For instance, Fruit borer in brinjal is a serious problem. The usual recommendation given is the spraying of Dimethoate 30% EC @ 7ml per 10 lit of water. But in practical, farmers use 10 – 20ml/10 lit which is not only lethal to the target pest but also to a number of beneficial organisms associated in the crop production cycle. But the problem does not end here. Even after applying more than the recommended levels, the insects will develop resistance towards the synthetic compounds and continue to damage the crops.
The bitter reality is farmers mostly spray these deadly chemicals just before the day of harvest to save their crops. Even with the availability of insect resistant varieties and integrated farming, farmers are simply not adapting to these changes. On the other hand, agrochemicals are easily accessible to even a marginal or small farmer. Hence poor farmers, whose entire family is dependent upon a small piece of land, borrow money to save the standing crop and become a victim of debt. This is the ground reality out there. The solutions that are offered to the farmers are temporary.
WHAT IS THE SOLUTION
We, the millennial generation, if guided properly could probably go a step further and find a sustainable solution to the never ending problems of the farming community. The right direction would be always to choose the path of nature. Fortunately, we have pioneers who travelled in this path and showed the limelight in the natural way of living. One such legend is Dr.Nammalvar, agricultural scientist, environmental activist and Indian green crusader who put light on the inhumane killing of bio-diversity in the name of farming. He travelled across Indian villages till his demise to educate farmers and youngsters regarding the cruel side of money- based conventional farming and taught the natural way of farming.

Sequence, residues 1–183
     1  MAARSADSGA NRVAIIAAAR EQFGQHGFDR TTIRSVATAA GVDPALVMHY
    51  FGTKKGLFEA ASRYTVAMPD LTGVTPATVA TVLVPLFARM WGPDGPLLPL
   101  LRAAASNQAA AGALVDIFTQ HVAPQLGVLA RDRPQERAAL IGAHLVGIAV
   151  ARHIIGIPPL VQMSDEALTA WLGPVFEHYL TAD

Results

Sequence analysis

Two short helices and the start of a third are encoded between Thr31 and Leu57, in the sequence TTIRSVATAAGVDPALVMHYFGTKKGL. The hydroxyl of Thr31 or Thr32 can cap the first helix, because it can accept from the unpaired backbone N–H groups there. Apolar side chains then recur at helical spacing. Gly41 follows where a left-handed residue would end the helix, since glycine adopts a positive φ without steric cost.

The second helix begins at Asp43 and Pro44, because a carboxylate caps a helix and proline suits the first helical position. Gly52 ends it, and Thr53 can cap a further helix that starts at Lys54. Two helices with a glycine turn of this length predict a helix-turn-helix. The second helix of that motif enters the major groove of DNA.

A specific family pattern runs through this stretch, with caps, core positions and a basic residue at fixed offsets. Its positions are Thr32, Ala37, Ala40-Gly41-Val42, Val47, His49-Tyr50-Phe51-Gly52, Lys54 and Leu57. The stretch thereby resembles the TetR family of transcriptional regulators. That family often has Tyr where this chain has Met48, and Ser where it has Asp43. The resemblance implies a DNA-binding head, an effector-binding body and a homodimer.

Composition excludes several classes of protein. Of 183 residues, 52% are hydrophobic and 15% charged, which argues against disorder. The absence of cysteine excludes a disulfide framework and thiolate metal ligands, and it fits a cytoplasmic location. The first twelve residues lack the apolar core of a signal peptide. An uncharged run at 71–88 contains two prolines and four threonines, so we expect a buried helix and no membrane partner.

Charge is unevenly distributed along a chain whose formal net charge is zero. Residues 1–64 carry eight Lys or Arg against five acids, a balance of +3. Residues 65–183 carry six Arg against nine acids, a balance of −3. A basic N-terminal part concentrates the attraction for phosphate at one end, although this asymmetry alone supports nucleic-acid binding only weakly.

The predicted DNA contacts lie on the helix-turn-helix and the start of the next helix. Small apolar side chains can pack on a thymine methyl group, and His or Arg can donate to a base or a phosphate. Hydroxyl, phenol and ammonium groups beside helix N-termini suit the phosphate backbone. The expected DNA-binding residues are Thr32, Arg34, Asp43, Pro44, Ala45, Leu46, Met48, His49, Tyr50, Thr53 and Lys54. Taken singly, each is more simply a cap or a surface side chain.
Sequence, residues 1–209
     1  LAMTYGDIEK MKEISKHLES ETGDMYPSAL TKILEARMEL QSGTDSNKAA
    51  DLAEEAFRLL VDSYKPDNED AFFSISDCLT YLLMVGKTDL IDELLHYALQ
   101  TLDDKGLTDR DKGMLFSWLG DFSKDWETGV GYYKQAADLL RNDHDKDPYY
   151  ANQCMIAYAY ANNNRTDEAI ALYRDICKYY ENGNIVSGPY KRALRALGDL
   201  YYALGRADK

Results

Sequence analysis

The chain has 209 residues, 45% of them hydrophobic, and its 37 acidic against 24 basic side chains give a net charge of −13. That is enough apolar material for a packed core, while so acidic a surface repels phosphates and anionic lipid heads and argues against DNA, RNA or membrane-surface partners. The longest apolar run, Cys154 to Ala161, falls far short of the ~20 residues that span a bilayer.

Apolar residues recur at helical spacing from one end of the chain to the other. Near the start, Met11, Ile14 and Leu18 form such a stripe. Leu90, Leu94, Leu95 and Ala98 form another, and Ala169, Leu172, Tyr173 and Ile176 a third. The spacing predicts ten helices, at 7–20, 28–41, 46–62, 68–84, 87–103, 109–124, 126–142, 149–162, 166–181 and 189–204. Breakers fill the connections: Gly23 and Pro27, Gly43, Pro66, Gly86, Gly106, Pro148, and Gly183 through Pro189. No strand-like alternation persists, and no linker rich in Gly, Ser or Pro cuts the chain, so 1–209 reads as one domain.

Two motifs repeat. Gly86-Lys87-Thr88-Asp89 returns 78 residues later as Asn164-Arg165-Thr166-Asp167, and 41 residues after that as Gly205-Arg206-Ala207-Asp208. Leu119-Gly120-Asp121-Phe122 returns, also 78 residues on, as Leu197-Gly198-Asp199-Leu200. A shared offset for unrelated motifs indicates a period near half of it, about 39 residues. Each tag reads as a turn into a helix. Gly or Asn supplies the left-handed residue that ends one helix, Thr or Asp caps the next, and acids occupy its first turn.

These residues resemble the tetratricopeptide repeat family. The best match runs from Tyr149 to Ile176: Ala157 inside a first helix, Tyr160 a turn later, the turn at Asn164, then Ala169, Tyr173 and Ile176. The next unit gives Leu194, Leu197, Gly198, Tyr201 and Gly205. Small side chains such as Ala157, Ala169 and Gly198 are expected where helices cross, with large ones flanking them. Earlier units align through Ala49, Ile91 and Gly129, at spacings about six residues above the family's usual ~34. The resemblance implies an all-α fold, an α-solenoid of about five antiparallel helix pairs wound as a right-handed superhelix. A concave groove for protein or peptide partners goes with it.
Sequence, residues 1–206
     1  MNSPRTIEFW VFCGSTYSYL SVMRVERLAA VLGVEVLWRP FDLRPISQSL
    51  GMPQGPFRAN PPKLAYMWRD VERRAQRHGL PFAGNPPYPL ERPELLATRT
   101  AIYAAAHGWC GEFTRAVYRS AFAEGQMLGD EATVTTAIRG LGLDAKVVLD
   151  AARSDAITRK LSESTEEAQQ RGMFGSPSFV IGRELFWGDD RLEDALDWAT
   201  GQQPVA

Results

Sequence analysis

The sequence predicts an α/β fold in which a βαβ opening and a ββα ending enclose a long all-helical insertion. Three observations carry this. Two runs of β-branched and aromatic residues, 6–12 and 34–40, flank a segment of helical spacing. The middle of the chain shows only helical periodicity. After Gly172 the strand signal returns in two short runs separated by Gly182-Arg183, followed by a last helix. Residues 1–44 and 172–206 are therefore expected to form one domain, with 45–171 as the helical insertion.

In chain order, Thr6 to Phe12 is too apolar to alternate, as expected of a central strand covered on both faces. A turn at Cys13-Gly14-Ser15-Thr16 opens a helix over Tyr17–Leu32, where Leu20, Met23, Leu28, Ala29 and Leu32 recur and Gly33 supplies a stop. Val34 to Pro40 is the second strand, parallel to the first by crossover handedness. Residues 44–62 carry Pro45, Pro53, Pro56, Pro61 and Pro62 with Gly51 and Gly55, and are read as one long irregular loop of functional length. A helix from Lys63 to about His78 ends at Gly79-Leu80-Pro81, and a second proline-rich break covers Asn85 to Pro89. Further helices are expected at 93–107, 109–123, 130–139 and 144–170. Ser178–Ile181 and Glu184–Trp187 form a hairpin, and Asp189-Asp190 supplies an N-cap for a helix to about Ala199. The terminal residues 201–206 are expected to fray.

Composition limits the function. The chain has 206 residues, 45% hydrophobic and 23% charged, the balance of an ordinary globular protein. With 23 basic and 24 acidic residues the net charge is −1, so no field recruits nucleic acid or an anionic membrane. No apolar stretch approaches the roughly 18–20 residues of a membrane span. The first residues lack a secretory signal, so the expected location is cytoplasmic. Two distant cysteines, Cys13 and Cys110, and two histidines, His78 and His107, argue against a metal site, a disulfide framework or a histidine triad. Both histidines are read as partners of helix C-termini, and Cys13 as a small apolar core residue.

It is because of his tireless efforts, youngsters across the state are showing interest in organic farming, which is the only solution to feed the hungry mouths without poisoning Mother Nature. Natural way of farming is a holistic approach, which works with understanding of nature, the biological cycle and the bio-diversity. This way of farming takes into account the relationship between the microbes, plants, insects, reptiles, birds, animals, human beings and the complete network of life forms. This requires a deeper understanding and belief which is overlooked by the modern science.
This article is a tribute to Dr.Nammalvar, who has inspired thousands of people across the country including myself to pursue the path of self-sustainability. His primary goals are to provide,
- Poison-free food for all
- Drug free treatment
- Wall-less education system
Which are closely inter-related and are the necessities to overcome the issues we are facing today in different dimensions.
“Assessing everything without likes or hatred are the emerging younger generation. “Mere fate” – is not acceptable to them. They will change this world. Today, a youngster army has gathered. If we put forward our opinions towards the youngsters, we can bring back the lost prosperity of our nation; we can bring back disease free life style. Everybody can live with happiness and harmony.” -Dr. Nammalvar.